For al-Turabi, the only way to break the power of the two Sufi orders with political influence was to develop a non-Sufi Islam, based on traditional Islamic jurisprudence but interpreted in a modern spirit, open to all. Such a movement would have an influence well beyond Sudan. Al-Turabi taught his doctrine and helped in the training of military, police, academic and administrative cadres. When opportunity struck for a coup in 1989, al-Turabi’s men were in key positions. However, al-Turabi is an intellectual with philosophy degrees from France and England. Someone with a more outgoing, popular personality was needed to be head of State. Brigadier General Omar al-Bashir, a military man, was chosen as “front man”. Al-Turabi was head of the National Islamist Front, the governing political party, and President of the National Assembly.
This division of power worked until 2000 when Al-Bashir thought he had enough support to be his own man. Al-Turabi was arrested and has alternated between real prisons and house arrest since. Abdullah Deng Nhial, long an al-Turabi lieutenant ran for president on the Popular Congress ticket and came in third in over all votes and second in the north behind al-Bashir. Such a display of strength worried al-Bashir who had al-Turabi re-arrested on May 16.
Since the 2005 Comprehensive Peace Agreement between north and south Sudan, the south has been semi-autonomous in theory. In practice, it has been largely independent, although the President of the south, Salva Kir Mayardit, serves as First Vice President of the whole country. Kir Mayardit, a Christian, did not run for president of Sudan. It was said that he was reserving his strength for the 2011 referendum which will be a vote on the total independence of south Sudan. Kir Mayardit did run for President of south Sudan in these elections and received 93 percent of the votes. Sudan People’s Liberation Movement (SPLM) is allergic to dissent and the few who ran against the SPLM in the state elections were intimidated or beaten. Kir Mayardit’s lieutenant, Yasir Arman, a Muslim, ran as the candidate of the SPLM for national president. As al-Madhi, he called late in the campaign for a boycott of the elections, but his name and face were already on the ballot. Thus he received a solid majority of votes in the south and came in second at the national level.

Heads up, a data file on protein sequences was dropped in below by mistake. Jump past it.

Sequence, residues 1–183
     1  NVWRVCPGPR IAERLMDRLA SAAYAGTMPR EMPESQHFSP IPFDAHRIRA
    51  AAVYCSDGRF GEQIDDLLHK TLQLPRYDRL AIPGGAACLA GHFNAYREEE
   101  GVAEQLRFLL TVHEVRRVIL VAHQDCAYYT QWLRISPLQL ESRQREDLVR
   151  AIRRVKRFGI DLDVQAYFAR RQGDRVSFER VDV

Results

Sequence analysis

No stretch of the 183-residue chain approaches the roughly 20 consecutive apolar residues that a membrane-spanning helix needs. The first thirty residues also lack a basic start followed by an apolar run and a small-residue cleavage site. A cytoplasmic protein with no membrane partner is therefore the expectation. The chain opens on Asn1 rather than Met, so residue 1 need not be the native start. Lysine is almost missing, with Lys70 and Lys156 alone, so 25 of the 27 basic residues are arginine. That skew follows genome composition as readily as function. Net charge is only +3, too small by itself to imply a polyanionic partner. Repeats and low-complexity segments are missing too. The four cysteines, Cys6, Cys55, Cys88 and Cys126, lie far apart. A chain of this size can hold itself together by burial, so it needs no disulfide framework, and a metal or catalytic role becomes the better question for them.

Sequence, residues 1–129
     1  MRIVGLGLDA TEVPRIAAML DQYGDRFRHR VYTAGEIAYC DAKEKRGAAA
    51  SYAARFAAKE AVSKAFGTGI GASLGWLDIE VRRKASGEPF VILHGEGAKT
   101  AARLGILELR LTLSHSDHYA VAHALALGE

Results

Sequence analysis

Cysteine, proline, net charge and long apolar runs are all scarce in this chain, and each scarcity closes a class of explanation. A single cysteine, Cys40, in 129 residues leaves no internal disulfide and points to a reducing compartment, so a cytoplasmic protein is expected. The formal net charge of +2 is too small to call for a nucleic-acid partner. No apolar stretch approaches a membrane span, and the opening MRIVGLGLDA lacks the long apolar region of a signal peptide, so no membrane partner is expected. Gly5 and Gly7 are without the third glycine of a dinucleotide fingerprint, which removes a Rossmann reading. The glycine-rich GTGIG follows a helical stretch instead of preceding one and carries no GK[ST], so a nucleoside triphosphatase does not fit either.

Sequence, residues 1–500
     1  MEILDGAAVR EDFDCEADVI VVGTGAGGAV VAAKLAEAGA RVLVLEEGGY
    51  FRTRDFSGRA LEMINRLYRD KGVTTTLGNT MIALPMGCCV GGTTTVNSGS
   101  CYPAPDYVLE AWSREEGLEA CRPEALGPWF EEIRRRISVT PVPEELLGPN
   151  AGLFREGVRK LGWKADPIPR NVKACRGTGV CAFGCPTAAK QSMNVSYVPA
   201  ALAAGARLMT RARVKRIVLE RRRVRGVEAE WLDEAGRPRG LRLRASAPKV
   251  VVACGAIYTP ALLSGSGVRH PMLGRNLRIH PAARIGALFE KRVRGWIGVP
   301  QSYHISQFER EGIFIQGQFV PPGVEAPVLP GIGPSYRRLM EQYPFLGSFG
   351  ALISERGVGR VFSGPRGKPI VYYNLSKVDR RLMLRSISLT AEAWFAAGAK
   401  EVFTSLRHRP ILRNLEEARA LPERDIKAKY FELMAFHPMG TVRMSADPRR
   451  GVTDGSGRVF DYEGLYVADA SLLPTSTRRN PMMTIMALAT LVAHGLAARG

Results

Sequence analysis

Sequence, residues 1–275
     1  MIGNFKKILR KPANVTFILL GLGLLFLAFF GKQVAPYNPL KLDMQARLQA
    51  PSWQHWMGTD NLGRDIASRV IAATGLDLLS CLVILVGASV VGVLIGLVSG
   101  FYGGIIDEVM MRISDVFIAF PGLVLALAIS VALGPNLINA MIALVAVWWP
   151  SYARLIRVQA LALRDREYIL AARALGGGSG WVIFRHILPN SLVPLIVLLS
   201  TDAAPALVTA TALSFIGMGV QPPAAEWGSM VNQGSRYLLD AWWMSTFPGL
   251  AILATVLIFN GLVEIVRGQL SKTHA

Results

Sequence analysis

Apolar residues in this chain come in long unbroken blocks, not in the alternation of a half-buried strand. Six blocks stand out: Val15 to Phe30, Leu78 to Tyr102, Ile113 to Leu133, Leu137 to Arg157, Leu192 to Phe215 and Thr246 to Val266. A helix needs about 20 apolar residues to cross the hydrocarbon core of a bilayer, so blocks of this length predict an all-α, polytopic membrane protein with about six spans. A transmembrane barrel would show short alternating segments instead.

It is at the level of the 25 state assemblies that the elections may have an impact on the social structure and lead to a more peaceful Sudan. Although al-Bashir’s governing National Congress Party holds the majority of seats in all the northern provinces, there are some opposition legislators elected as well as independent voices. A bloc of seats in each assembly was reserved for women. It is too early to know how much decision-making power the state assemblies will have and how independent, the “independent” legislators and women can be. Civil society organizations in Sudan are still evaluating the election results and will be watching to see what role state assemblies will play.
The SPLM holds the majority of seats in all the southern assemblies with few independent or opposition voices. For the southern Sudanese, the crucial issue is the January 2011 referendum on remaining within Sudan or becoming an independent state. The current political structure of Sudan with southern autonomy and a southern Vice President of the whole country has not allowed the reforms or the economic development that many hoped. There are still people uprooted from the 1982-2005 civil war. A key question concerning the division of Sudan in two would be the custody battle over oil revenue. The most productive oil fields lie in southern Sudan or along the unresolved north-south border. There could be an agreement to share oil revenue regardless of how the frontier is drawn. As China is by far the largest buyer of Sudanese oil, it is in its interest that any division of the country not lead to a new armed conflict. The Chinese authorities usually work “behind the scene” and so it will be important to watch what negotiations go on concerning oil fields.
The next six months in Sudan are likely to be decisive. The armed conflict in Darfur may fade away without an official peace agreement if the three Darfur state assemblies are able to play an active, reforming role. The north-south tensions may grow as the January referendum nears, and tensions on an ethnic basis in the south may also grow as people position themselves for greater power if an independent South Sudan State is proclaimed. The situation merits close attention.
Rene Wadlow is editor of the online journal of world politics www.transnational-perspectives.org and an NGO representative to the UN, Geneva.